Translation and Interpreting in 150+ Languages
Fishing for Translators
March 5, 2012 - By: - In: Translation - Comments Off on Fishing for Translators

In my last post, I was ranting about all the bad translators trying to clamber aboard 1-800-Translate after whatever translation shipwreck they might have survived. Heartbreaking as it is, we must fend them off with our oars and gaffs and such, as even one bad translator can sink our quality assurance boat. Operations Captain Rodrigues stands athwart the  thwart, the rain lashing her face, whistle in one hand, flare gun in the other,  “Stand off, you erroneous son’s of guns! Stand off I say! No room on this boat for bad translators!”

OK. I’m exaggerating a bit. Think of that incident as a metaphor. We would never fend off unqualified job applicants in that situation, and I want to assure readers that the steely determination of Captain Rodrigues is the only part of this story of shipwreck survival  that is factually accurate. All that oar-beating drama is a waterlogged dramatization of a business process dry as dust, but as important as all hands to the pumps –the recruitment of the  kind of translators who are essential to our success. Talent first. All the quality control in the world will not get you around a bad translator. So, we have to go all-out to  recruit only good linguists.


  1. In-country native speakers with professional degree and accreditation.
  2. Demonstrated translation mastery in the subject area.
  3. Five-years plus professional translation experience, (promise-keepers only).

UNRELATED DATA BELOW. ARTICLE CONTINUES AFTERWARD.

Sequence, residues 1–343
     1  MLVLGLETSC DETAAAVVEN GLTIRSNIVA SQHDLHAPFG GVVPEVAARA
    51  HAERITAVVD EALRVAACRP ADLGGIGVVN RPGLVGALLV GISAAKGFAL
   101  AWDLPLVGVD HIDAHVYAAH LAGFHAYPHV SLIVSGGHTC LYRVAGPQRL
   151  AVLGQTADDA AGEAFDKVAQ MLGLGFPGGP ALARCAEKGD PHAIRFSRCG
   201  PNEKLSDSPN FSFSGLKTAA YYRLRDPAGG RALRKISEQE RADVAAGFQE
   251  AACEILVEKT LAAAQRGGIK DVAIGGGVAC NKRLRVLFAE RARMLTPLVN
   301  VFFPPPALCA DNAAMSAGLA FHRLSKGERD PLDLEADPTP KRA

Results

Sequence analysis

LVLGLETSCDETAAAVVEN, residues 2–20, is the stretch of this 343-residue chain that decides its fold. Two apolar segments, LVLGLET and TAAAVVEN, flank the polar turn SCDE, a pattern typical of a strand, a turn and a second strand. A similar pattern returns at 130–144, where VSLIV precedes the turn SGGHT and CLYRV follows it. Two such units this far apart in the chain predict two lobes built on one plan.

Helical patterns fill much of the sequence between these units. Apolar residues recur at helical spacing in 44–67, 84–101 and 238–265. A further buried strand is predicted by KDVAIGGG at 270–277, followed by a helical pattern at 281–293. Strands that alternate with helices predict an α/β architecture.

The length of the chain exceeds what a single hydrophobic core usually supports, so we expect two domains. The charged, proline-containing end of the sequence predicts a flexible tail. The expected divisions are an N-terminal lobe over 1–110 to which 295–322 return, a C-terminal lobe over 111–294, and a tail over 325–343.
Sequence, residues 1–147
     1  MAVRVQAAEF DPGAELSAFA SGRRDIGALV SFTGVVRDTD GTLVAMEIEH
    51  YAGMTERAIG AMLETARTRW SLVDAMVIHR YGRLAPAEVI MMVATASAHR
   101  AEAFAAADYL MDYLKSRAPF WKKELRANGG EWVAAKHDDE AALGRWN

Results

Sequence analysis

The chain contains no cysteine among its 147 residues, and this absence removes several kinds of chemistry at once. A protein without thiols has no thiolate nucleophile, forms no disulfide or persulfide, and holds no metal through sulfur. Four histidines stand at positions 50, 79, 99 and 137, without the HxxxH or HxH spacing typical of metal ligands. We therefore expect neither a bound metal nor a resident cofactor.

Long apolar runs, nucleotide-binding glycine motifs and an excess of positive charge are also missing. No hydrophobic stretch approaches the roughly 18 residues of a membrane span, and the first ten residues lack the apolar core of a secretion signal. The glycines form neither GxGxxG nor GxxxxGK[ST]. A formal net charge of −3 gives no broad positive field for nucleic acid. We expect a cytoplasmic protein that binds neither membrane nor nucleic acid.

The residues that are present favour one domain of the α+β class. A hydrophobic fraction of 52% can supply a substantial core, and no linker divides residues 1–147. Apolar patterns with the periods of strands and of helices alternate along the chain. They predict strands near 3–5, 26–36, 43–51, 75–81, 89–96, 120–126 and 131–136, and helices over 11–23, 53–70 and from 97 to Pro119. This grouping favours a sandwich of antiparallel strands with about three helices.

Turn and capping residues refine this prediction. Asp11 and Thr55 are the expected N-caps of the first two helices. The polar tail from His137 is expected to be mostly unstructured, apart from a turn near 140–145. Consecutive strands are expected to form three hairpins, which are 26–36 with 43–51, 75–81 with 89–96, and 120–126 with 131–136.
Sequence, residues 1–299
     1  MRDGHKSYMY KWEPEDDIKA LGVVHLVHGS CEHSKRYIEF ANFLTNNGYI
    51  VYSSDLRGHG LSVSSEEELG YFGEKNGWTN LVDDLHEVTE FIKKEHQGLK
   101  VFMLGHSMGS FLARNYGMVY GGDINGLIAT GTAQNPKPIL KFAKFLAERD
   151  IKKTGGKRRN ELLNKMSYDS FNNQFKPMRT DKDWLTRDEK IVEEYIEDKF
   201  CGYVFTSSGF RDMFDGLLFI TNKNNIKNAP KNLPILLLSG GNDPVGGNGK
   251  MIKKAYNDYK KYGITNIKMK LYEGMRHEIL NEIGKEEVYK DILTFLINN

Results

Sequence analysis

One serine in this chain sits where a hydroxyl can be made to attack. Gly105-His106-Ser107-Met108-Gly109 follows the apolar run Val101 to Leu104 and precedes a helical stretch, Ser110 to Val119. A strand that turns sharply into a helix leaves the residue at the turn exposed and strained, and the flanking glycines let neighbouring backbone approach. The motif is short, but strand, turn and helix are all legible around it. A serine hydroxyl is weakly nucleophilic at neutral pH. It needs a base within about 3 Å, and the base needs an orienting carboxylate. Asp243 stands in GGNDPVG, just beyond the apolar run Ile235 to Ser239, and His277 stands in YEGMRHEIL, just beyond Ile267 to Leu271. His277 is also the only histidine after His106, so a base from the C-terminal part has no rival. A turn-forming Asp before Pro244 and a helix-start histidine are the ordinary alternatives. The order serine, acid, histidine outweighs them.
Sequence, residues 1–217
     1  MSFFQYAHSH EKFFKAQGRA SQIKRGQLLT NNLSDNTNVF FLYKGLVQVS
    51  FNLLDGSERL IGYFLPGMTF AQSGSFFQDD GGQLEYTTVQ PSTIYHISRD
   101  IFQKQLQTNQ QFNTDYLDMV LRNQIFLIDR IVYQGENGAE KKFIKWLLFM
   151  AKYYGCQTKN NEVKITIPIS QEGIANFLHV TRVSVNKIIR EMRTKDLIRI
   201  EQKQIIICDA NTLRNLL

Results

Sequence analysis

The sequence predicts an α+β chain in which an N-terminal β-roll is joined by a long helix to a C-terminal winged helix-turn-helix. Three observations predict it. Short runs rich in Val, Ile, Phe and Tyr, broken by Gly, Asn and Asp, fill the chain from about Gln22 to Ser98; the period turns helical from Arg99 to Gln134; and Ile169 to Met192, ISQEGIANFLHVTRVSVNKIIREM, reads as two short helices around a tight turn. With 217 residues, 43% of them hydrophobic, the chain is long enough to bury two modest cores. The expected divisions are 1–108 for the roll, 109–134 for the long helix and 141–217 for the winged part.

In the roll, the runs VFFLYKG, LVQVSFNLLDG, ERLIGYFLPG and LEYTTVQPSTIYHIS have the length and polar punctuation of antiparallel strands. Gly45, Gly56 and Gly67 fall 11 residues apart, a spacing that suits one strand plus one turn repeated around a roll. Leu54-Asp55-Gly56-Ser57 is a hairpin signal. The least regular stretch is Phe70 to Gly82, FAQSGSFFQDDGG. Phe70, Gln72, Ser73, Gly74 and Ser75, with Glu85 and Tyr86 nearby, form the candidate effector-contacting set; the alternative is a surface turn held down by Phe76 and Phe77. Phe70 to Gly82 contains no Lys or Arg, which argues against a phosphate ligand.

4. Client dedicated, customer service-dedicated. This is a service business.


  1. Hunt…

Accreditation makes it easier for everybody. Accredited linguists are likely to be the pros our clients need to get the job done in the target language. A cleaner input into a QA process means a cleaner output.

A long professional track in the subject area makes for best outcomes.

  1. Peck…

Subject-specific testing: We administer our own translation testing program, a selection of passages relevant to the initial assignment that the candidate must translate into the target language.

Metrics: We use a proprietary version of the Localization Standards Association Quality Assurance Model to score results. (Under review, we’ve got something better in mind for later this year).

Involve the audience:  We want our clients to work with us on selecting the right vendor. (I have to admit that most prefer to leave it to us, however.)

  1. Preferred translators

Operations calls this “preferential” recruitment as opposed to “pool recruitment,” meaning that we pick the translator for the job, not the other way around.

Pooling is the method used by those single-pass swarm translation shops and other language service providers like TransPerfect. I think “ponding” would be better, since its basically talking about a bottom-feeder fishing expedition. Put some old bacon on the hook, toss it into  translator pond and gig the first sucker to take the bait.

When I was a kid, my Dad used to take us out evenings on Goose Pond to fish for hornpout, which is what they call brown bullheads in New Hampshire. Same kind of bottom-feeder  action as they get in those  translation pool carp ponds.  Except for the snags and skeeters, it was a lot of fun back in the day. But that kind of fishin’ hole recruitment doesn’t work for what our clients need in these here modern times.

Keep your bait wet until next time!

-Ranger TranslationGuy

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